Mar 24 2016

The Future of Policing Might Be in the Cloud 

Microsoft and a technology partner worked with Chicago to create an analytics tool to help the Chicago Police Department.

What if police departments in cities and towns across the United States could use the cloud to get a real-time view of crimes that were occurring? And what if they could leverage data to better predict when and where certain kinds of crimes might happen?

That’s the vision Microsoft thinks could be just around the corner. The software giant, which has been ramping up its Azure cloud services business as more applications flow into the cloud, is hoping that cloud tools can help transform the way city governments tackle public safety. The City of Chicago is already experimenting with the technology.

Embracing Predictive Analytics

Parul Bhandari, government industry solutions lead on Microsoft's Worldwide Public Sector organization, says in a blog post that “thanks to everything from automatic license plate readers to gun sensors, the real-time data available to law enforcement agencies continues to skyrocket.”

Microsoft thinks that as police departments and their IT teams get flooded with more data, it can provide ways for the departments to make sense of all of that information and improve policing.

Bhandari says, thanks to analytics and cloud tools like its Power BI software, Azure Stream Analytics and Azure Machine Learning, “police departments now have the capability to predict when and where crimes will happen in the future.”

Third Eye Consulting Services & Solutions, a Microsoft partner, created a Power BI dashboard that leverages Chicago’s open data portal. The tool combines data from several different sources, including Chicago crime data, data from the U.S. Census Bureau and real-time weather and traffic feeds.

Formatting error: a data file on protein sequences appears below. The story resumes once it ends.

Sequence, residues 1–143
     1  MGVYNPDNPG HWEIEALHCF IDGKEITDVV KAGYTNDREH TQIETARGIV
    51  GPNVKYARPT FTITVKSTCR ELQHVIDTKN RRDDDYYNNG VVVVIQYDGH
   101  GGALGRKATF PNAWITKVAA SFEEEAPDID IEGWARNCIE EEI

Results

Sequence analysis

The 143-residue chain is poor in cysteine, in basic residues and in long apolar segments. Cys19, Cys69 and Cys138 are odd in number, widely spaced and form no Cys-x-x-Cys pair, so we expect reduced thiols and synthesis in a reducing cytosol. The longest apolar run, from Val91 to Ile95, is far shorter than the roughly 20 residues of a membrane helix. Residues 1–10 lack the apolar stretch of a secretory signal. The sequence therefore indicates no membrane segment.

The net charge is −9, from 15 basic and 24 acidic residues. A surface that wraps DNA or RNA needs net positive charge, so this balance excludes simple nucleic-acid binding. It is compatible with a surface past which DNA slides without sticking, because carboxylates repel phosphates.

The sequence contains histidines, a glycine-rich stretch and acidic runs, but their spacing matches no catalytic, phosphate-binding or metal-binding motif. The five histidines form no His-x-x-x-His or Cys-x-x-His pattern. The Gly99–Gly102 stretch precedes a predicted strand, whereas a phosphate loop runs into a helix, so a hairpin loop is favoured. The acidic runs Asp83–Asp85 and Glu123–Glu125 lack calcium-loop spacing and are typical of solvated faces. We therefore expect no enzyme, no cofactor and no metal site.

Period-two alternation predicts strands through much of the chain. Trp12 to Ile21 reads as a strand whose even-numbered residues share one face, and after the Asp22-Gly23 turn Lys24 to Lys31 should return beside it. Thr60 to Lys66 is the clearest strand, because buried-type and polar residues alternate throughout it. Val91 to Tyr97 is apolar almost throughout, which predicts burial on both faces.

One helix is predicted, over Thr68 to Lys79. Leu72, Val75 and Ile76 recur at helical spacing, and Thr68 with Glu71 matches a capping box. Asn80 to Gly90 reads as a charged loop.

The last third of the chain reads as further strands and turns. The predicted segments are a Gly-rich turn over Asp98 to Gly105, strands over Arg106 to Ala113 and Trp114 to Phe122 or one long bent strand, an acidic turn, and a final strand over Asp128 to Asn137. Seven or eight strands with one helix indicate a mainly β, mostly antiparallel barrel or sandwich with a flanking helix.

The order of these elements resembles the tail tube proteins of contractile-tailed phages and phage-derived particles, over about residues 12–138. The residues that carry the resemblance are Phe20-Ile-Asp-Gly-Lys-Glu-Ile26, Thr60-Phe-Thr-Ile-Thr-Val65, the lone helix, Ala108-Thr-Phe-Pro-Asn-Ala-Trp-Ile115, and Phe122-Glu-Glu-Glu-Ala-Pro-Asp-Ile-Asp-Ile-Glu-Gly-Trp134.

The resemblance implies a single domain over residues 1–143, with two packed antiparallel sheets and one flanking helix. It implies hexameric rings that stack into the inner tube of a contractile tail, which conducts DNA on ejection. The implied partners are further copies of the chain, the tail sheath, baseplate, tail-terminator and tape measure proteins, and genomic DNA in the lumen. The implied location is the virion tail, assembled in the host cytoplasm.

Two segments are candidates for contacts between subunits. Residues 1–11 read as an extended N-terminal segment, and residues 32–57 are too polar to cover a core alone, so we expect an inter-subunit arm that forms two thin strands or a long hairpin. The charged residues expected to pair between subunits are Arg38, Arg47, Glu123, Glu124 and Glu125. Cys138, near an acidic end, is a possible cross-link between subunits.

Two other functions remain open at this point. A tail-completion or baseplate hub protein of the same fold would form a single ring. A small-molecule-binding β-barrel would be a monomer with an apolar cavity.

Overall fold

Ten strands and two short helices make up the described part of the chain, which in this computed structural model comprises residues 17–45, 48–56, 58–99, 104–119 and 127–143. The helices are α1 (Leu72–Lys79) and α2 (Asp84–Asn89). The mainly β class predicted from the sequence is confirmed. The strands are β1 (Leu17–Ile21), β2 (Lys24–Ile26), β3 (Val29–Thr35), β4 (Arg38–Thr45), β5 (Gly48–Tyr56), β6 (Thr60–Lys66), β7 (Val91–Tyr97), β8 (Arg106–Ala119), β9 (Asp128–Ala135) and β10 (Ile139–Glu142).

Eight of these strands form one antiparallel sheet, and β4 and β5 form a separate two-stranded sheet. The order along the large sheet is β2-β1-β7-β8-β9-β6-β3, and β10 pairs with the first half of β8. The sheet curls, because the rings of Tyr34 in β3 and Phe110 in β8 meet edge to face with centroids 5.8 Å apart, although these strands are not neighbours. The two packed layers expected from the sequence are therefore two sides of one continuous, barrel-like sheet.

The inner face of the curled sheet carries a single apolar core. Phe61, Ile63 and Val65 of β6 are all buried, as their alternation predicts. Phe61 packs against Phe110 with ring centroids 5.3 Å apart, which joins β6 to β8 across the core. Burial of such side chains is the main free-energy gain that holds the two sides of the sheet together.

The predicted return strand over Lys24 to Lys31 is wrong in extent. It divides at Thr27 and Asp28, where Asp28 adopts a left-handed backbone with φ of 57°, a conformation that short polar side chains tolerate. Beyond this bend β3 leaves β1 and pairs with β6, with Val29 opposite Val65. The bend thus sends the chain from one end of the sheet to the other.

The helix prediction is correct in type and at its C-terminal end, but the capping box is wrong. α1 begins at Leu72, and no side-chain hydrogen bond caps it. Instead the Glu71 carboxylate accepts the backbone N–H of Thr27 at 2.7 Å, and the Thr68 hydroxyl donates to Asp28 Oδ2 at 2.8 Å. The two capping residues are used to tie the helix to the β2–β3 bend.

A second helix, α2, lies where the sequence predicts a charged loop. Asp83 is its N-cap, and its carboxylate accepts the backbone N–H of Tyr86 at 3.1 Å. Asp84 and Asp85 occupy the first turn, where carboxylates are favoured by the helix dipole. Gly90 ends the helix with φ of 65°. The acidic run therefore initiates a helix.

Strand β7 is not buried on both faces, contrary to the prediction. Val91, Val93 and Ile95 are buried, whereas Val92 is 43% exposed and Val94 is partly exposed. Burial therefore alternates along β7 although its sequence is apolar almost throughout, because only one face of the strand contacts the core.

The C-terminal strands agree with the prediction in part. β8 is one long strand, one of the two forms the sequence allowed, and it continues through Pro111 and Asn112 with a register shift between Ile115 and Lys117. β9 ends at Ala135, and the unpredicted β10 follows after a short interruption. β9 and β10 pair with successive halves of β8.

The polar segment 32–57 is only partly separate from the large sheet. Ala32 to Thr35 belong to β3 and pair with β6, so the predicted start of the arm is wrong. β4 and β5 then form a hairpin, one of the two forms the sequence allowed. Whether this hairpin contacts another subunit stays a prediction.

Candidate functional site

“The solution enables law enforcement agencies to capture an overall picture of criminal activity across the city — both what’s happened historically and what’s likely to occur in the future,” Bhandari says.

Police officers can access the dashboard to see how likely different kinds of crimes are to occur in various parts of Chicago, “based on different factors including the month, day, time of day, and traffic and weather patterns,” says Bhandari.

She adds, the dashboard uses a map that lets officers pinpoint “what crimes are most likely to happen by neighborhood at different times of the day and night. They can also see the predicted frequency of specific crimes, clicking on each type of crime to view where it’s likely to occur.”

Further, police officers can use the dashboard to view historical crime trends and compare these trends to what’s predicted for the future.

Multiple Benefits of Predictive Power

What possibilities could all of this cloud-based analytics open up for police departments?

Bhandari suggests departments could allocate resources more efficiently based upon predictions of when and where crimes might occur. Doing so could save departments money on manpower and equipment, with savings of potentially millions of dollars.

“Moreover, they can arrive at the scene more prepared, better protecting themselves and their communities,” Bhandari adds. “They also have greater insight into why crimes occur in the first place, giving them the tools required to prevent crimes before they occur.”

Using machine-learning technology, IT staff could test hypothetical scenarios to create models of what might happen in the field based upon specific variables.

“For fighting crime and keeping every citizen safe, Microsoft has the most sophisticated cloud-based big data technologies stack, which can help police departments not only understand why and how crime occurs but also predict when and where it can happen,” Dj Das, founder and CEO of Third Eye, says in the Microsoft blog post. “Powerful data analytics tools like Azure Stream Analytics and Azure ML, coupled with the dazzling Power BI visualization package, make it all possible at a reasonable cost and with the ability to scale up and down as needed.”

West Midlands Police/Flickr

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